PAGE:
Elizabeth Arden Inc.’s international sales growth was a boon to business in the first quarter, helping to boost net sales by 7.4 percent to $284.8 million, up from $265.2 million in the year-ago period. Excluding the impact of unfavorable currency translation, sales would have advanced 8.1 percent.
In the three months ended Sept. 30, Arden generated net income of $4.9 million, or 17 cents a diluted share, compared with $40,000, or zero cents, in the year-earlier period.
Excluding expenses associated with the firm’s Global Efficiency Re-engineering initiative, net income per diluted share for the three-month period was 18 cents.
Arden’s chairman, president and chief executive officer, E. Scott Beattie, said international sales rose 14 percent, led by sales in Europe and its travel retail business and distributor markets, which increased by 14 percent and 31 percent, respectively.
Sales in North America gained 6 percent, fueled by Arden’s mass market business, which increased 8 percent in the quarter. In the prestige channel, sales ticked up 1 percent for the quarter, aided by strong growth of Prevage skin care and hampered by a 9 percent decline in the company’s U.S. department store fragrance-counter business.
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North America, which is comprised of both mass and prestige products, accounts for about two-thirds of Arden’s total sales.
Beattie stated, “We are pleased with the performance of our brands and the progress we are making with our global brand-marketing initiatives. Sales of Elizabeth Arden-branded skin care products rose by 12 percent in the first quarter, and sales of our fragrance business grew by 8 percent overall and 17 percent in Europe. As we head into the holiday period, we are encouraged and expect our key brands and launches to perform well.”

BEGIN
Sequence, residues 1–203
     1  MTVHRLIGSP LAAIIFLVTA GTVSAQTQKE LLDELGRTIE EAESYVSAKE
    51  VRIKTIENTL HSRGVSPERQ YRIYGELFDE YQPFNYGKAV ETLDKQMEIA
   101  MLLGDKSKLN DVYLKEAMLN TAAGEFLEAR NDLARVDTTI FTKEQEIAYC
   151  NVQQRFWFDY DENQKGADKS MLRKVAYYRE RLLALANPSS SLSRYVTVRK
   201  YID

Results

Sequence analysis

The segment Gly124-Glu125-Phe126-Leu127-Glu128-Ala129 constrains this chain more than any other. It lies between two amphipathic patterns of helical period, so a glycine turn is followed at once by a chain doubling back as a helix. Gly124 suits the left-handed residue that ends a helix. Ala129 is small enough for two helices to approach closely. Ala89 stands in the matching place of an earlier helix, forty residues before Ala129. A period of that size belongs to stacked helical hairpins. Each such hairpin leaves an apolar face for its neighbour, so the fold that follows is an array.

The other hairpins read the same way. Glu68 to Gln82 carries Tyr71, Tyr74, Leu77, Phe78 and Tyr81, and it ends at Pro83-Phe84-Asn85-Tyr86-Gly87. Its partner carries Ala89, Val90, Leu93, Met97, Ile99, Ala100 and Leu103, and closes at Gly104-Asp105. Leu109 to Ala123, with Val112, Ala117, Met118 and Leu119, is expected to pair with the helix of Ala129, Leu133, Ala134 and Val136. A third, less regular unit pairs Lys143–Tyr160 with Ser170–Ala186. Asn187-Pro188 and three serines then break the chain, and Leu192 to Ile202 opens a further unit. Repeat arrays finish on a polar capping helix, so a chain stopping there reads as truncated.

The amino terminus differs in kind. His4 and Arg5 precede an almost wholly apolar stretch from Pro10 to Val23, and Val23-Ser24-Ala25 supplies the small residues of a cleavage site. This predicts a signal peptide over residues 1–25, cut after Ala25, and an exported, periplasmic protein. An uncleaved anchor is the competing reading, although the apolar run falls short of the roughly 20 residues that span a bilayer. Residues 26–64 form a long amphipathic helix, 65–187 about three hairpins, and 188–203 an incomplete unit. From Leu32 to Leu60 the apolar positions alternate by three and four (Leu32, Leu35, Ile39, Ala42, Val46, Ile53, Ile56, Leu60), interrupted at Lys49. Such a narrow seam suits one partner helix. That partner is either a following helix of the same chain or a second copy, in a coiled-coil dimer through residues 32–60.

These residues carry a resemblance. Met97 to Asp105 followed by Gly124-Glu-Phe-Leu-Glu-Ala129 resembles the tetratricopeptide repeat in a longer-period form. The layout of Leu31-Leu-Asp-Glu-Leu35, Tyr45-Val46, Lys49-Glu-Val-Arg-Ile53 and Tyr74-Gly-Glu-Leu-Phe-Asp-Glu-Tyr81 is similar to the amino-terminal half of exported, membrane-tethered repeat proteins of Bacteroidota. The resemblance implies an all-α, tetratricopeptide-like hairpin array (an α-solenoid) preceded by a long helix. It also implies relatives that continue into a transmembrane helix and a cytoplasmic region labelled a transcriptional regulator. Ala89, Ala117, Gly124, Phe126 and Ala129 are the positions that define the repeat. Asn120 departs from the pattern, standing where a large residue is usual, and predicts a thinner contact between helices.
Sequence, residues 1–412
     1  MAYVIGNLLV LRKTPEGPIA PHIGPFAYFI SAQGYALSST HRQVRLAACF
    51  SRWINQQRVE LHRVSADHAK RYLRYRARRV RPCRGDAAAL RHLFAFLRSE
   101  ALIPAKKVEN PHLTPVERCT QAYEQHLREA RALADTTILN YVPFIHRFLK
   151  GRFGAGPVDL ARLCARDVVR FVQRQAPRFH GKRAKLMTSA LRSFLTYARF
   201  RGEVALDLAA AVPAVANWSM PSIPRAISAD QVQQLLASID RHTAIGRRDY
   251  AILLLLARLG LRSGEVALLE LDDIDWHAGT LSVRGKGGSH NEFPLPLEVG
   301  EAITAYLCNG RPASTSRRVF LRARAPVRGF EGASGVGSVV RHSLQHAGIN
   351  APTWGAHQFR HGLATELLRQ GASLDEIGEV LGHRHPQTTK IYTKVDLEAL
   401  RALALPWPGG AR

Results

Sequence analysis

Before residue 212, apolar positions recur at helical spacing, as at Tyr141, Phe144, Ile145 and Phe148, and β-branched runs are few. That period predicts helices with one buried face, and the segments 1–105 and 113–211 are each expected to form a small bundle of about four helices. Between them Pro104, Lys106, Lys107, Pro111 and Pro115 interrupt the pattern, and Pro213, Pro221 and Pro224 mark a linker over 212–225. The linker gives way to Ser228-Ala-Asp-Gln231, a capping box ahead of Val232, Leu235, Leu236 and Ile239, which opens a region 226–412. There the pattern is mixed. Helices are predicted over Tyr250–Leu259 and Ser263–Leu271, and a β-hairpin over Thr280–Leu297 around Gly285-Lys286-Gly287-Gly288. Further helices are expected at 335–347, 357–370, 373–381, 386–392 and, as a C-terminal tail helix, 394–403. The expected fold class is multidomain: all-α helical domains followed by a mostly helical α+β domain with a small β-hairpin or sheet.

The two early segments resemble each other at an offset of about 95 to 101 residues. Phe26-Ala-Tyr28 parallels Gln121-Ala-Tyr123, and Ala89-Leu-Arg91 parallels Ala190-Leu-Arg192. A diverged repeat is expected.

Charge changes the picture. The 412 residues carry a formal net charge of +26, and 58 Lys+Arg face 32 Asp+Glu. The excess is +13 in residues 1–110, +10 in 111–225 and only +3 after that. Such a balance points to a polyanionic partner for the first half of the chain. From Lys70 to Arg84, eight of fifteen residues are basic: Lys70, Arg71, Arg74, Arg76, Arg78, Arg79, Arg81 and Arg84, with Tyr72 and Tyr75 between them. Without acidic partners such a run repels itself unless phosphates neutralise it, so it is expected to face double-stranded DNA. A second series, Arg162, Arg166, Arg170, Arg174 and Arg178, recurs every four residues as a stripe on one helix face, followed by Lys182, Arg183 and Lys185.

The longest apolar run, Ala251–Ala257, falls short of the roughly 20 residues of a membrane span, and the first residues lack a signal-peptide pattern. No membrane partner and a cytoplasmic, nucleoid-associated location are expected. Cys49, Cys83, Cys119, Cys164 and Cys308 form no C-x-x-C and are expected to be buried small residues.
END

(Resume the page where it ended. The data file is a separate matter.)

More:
Joel Ronkin, executive vice president and general manager, North America Fragrances said, “We’re actually seeing a greater investment being made by our key mass volume retailers in advance of the holiday season, which means they believe both in our category as well as their businesses as we head into Christmas.”
In some instances, particularly within its Britney Spears and Red Door brands, Arden has been able to take some price increases “with minimal to no impact in the volume,” said Kathy Widmer, executive vice president and chief marketing officer.
Beattie said, “The objective here obviously is to improve the overall pricing of the products across all channels of distribution and then reinvest a portion of that back into more of a pull strategy through national media, digital media and some of the other drivers of consumer awareness and consumption.”
Arden, along with its peers, is shifting marketing spending away from heavy-handed promotions, like discounts, toward advertising.
“We, like many of our competitors, believe it’s healthier to drive demand through pull strategies versus push strategies, and we view promotion and price discounting obviously as a push strategy,” said Widmer. “We too are focused on trying to shift more of our marketing resources into what we call [nonpromotional] working dollars, and you’ll see in our business that there is a larger proportion that’s all focused in fully controllable [spending], particularly in media.”